Save lives from the comfort of your own browser.

Video games often get a bad rap in the mainstream press, with outlets like Fox News and the Daily Mail calling them things like “murder simulators” and complaining that they cause aggressive behavior and violence. But even video games’ harshest critics would struggle to find anything objectionable about Save The Day, a cute, simple-but-addictive browser-based game from Denki.

In Save The Day, your objective is to save as many people as you can from a natural disaster as you fly around in your helicopter. Initially, your helicopter can only hold 10 people, so you’ll need to fill it up and then head back to one of the landing pads to offload the grateful survivors before heading back out into the disaster zone to rescue more stranded civilians. You choose who to save as they all earnestly plead “Pick me! Pick me!” or shout, “I’m over here!” The characters include Granny, leaning on her walking stick, a young boy called Mikey, and of course, fluffy kittens. You start to feel genuinely torn as to who you should save first, despite knowing it’s all only really a game. When you’ve failed to save everyone and have to abandon them, flying off in your helicopter to safety while you leave them to their fate, I felt bad – much worse than I’ve ever felt for killing anyone in a game.

As you play, the more people you save, the more Heroic XP you will earn. If you save people quickly, you can stack up bonuses which nab you more Heroic XP. When you have enough XP, you will gain a level, which will allow you to access a new range of cool power-ups for your helicopter. You can also pick up special VIP passengers, jewels and money which enable you to buy these power ups, which include extras like better armor and extra time.

Save the Day

The controls are the keyboard directional arrows, and you’ll need to move carefully to avoid destroying your helicopter by banging it into rocks, accidentally incinerating it in fire or knocking over boulders onto the people you’re meant to be saving. You can use space bar to shoot, which in this case involves shooting a powerful jet stream of water that puts out fires.

To be honest, shooting things gets boring sometimes and it’s a refreshing to change to play a game which doesn’t involve having to kill things – Denki has branded it a ‘save-’em-up’. The game probably won’t be something you’ll want to sit and play for hours on end, but it’s good fun to give it the odd five minutes here and there. Surprisingly, though, Denki has found that people play between 45 and 60 minutes on average.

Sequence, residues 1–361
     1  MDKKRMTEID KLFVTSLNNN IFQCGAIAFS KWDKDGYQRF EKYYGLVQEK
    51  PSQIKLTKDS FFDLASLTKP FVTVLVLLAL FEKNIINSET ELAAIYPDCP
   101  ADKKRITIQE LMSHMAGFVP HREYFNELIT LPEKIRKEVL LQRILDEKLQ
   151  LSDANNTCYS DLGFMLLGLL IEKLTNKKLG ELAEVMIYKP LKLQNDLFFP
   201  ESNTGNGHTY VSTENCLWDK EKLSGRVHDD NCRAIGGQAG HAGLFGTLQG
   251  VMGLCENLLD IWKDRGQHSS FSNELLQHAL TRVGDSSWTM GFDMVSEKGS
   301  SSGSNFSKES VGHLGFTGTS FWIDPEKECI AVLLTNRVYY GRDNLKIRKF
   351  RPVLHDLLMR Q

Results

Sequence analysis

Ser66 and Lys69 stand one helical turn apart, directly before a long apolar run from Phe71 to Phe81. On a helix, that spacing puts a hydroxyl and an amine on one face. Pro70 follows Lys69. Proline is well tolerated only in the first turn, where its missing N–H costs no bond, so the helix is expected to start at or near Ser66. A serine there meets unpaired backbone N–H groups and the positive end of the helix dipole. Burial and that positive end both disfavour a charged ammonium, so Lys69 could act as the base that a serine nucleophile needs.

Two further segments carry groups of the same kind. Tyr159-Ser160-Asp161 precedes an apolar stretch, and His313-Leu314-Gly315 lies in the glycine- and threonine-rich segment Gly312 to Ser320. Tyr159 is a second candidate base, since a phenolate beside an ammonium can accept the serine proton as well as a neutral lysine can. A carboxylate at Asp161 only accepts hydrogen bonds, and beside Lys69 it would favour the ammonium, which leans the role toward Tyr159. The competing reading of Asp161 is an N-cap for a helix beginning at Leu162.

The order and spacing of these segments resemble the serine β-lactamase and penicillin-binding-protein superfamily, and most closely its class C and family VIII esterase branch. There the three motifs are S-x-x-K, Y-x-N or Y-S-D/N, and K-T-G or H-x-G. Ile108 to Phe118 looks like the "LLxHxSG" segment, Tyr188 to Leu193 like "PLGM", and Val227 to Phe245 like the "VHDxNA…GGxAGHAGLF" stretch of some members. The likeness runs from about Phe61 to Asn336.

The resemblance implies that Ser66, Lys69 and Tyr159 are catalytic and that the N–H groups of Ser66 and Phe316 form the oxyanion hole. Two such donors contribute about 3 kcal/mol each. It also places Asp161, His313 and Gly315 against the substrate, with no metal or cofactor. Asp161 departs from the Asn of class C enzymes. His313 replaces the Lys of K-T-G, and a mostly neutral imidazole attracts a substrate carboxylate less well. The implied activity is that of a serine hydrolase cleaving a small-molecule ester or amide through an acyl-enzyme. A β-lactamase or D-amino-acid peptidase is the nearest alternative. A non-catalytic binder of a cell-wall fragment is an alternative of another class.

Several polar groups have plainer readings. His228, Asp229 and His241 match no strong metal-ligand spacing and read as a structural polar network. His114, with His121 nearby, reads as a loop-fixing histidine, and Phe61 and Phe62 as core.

Twitch-based gameplay is used perfectly in Save The Day – it’s quick and easy to get the hang of it, but hard to master. You have to split your time effectively, saving people whilst putting out fires to get your mitts on more money and choosing when to leave an area and move on to the next.

As you get better at the game, add more power-ups and learn where the people are and a system for saving them, you’ll find you’ll be able to explore more of the game and play for longer. However, it’s still disappointing that there is only essentially one level to play. In that sense, Save The Day is like an old-school arcade game like Xevious or Xenon, where you start from the same position every time you play.

Save the Day

The power-ups and leveling do give you something to hang around for, but once you’ve left the game there’s not much to tempt you back for more. You can create an account and save your progress but still, with so many things clamoring for attention in this modern world, out of sight is likely out of mind.

Perhaps in the future, Denki will be looking to add some new challenges. Really, though, when the worst thing you can say about a game is “I wish there was… more, somehow,” then that’s not so bad.